Taking Pains to Train

May 1, 2003
A new book from EW's chief editor offers some assistance in training new recruits.On average, an Electrical Wholesaling reader has 17 years experience

A new book from EW's chief editor offers some assistance in training new recruits.

On average, an Electrical Wholesaling reader has 17 years experience in the business. The typical reader's company stocks about 162 manufacturers and an average of 245 product lines. Those two guideposts alone represent a tremendous build-up of specific technical and application knowledge, not to mention the accumulated customer insights, sales savvy, competitor backgrounds, distributorship procedures and more that you have acquired over the years.

For you, that knowledge represents a massive amount of information to process and recall. It is, however, what makes you so good at your job and so valuable to a distributorship. Parallel situations exist at electrical manufacturing firms and independent manufacturers' representative companies.

That massive body of knowledge that an electrical industry veteran carries within presents a pressing problem, too. How does one pass along all that accumulated knowledge to a newcomer? How do you go about downloading your personal hard drive, so to speak, onto an eager but unsuspecting new recruit? Whether you are the executive conceptualizing the training plan or the counter sales veteran mentoring the newcomer, you are bound to come up against the dilemma many times in your career.

It is certainly a question that has puzzled most electrical distributors at one time or another. One time-honored solution has been to start the beginner in the warehouse (where he or she can absorb the vital information from the diagrams or bar codes on the boxes, I guess). Although it has proven effective enough for distributorships of the past, working up through the ranks tends to be a time-consuming and often hit-or-miss approach that probably won't make it in the future. Especially difficult to convey is the big picture-where you, the recruit and electrical distributors in general fit into the U.S. economy and your local marketplace.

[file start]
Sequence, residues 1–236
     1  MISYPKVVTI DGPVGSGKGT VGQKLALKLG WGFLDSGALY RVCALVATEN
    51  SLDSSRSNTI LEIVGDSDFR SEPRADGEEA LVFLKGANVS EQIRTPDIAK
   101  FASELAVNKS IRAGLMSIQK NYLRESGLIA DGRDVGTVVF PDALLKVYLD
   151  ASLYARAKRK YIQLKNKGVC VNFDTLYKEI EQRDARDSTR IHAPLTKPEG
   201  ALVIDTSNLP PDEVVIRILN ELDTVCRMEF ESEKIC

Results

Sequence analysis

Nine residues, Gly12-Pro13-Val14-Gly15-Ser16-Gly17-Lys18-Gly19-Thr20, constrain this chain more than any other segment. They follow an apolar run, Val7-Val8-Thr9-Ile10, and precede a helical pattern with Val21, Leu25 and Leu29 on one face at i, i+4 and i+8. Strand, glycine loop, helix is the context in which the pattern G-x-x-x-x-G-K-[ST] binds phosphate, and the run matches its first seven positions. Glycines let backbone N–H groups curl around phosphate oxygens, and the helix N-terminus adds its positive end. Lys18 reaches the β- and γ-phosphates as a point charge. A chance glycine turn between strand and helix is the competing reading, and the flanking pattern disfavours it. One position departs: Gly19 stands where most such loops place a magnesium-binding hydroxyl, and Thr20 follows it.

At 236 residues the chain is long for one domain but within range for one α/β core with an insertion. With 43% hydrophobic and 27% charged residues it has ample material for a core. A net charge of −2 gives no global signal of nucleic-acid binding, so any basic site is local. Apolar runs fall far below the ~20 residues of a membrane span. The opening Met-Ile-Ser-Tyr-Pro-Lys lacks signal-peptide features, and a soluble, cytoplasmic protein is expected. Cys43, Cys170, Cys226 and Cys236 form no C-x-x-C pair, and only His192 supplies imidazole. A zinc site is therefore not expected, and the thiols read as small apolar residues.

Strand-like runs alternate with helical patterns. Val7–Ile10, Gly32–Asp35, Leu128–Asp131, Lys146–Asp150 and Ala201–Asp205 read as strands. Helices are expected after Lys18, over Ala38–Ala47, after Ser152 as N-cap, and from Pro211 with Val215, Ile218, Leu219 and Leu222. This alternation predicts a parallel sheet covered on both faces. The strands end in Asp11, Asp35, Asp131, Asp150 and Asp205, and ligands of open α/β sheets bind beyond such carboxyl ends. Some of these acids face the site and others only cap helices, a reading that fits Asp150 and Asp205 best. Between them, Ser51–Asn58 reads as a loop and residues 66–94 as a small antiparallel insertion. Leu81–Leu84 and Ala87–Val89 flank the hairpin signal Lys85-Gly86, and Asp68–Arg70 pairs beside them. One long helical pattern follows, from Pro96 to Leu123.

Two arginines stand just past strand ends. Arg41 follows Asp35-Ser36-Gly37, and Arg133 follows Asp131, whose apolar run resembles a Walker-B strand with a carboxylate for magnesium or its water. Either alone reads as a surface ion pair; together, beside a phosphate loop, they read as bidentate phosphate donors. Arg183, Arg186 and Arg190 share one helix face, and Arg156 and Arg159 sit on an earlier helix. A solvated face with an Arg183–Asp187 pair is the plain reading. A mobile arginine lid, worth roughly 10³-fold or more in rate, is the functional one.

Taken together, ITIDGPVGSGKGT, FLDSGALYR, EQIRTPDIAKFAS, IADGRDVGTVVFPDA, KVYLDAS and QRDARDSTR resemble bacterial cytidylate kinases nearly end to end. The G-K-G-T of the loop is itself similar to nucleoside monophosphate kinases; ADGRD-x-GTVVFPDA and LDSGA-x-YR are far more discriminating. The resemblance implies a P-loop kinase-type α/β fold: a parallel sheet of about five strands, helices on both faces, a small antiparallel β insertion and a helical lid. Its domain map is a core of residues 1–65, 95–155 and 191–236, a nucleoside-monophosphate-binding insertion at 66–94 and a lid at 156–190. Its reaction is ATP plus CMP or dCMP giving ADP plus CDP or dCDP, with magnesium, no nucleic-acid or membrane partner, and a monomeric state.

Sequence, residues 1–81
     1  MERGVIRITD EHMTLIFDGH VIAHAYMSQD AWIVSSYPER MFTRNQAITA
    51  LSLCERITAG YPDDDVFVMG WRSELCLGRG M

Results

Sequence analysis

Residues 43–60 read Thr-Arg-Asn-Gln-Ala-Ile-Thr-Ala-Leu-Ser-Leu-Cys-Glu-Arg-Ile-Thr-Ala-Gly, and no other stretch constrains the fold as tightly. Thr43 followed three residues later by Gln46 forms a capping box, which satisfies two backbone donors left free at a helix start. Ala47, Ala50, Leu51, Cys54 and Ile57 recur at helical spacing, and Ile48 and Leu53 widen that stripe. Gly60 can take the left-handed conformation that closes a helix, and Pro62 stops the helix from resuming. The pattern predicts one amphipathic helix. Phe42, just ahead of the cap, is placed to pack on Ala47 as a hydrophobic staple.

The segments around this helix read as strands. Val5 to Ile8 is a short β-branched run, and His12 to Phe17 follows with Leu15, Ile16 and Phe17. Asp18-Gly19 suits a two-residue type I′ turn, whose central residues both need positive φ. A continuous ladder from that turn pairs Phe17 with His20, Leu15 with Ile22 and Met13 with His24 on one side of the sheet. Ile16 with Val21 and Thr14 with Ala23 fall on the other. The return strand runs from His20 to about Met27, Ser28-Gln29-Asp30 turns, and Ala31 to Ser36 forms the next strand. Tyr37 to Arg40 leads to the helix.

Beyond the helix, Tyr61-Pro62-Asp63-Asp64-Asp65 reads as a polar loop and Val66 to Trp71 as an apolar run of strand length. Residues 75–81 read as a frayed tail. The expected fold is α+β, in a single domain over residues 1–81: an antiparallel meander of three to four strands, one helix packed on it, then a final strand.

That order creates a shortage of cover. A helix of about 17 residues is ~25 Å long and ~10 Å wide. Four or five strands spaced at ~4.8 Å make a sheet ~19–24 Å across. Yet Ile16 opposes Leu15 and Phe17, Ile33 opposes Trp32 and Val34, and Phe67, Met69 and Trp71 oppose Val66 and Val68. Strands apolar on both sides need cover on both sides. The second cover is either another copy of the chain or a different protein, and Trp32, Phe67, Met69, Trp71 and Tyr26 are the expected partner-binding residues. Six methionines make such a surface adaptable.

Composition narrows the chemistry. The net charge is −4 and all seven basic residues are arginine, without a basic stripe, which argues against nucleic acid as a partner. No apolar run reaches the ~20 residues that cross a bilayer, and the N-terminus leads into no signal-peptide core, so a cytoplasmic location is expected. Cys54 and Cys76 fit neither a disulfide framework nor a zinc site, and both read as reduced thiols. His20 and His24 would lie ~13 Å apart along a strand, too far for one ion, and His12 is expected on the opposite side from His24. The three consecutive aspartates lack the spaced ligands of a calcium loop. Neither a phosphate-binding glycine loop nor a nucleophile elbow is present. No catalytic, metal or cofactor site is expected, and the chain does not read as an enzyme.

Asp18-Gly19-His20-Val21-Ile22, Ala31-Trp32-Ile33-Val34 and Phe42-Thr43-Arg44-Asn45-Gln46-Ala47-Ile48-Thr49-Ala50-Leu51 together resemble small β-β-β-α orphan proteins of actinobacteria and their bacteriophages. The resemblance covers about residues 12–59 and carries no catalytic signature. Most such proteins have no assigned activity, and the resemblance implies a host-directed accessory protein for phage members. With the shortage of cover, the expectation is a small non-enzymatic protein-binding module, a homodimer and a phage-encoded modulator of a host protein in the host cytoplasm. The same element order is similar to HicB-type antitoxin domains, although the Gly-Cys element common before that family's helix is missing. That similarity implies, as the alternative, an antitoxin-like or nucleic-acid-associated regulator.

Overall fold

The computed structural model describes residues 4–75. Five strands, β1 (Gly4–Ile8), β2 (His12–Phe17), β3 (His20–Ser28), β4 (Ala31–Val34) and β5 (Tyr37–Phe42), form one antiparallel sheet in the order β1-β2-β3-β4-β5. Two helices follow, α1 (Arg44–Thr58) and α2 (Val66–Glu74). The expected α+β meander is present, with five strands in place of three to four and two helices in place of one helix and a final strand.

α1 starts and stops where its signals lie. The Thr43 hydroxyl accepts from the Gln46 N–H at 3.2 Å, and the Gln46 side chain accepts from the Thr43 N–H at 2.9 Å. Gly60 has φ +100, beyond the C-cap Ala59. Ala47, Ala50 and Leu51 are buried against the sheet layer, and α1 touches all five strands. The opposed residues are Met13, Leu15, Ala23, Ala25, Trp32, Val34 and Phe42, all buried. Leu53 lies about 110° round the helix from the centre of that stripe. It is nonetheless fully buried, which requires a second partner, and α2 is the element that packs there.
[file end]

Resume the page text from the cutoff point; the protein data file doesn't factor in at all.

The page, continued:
We have come up with something that can help. Electrical Wholesaling's chief editor, Jim Lucy, the magazine's chief editor, has written The Electrical Marketer's Survival Guide, a book for new employees of electrical industry companies who need an understanding of electrical market basics, and industry veterans who need a basic reference. Jim has done a wonderful job with the book, interweaving frequently requested articles from Electrical Wholesaling with new material written exclusively for this book.

Among the material you will find in the survival guide are the full series of market reports developed by Jim and published in this magazine over the last few years. These immensely popular articles include cutaway diagrams showing a typical installation and the electrical products found in them, a perfect training tool.

In addition, the book contains worksheets and instructions for market analysis and planning, condensed from 20+ years of Electrical Wholesaling's annual November "Market Planning Guide."

Any company that invests in in-house training for its employees will find a wealth of source material within the covers of this book. You will find Jim's book to be a valuable resource and a problem-solver. PowerPoint presentation materials are also available for companies that want to use the text as a basis for a training module. Take advantage of this well-thought-out tool for survival in today's competitive and changing market.

The 120-page book sells for $29.99 (use item #6891 to order). The Power-Point presentation materials cost $250 (item #6891TM). Both can be ordered by calling 1-800-543-7771.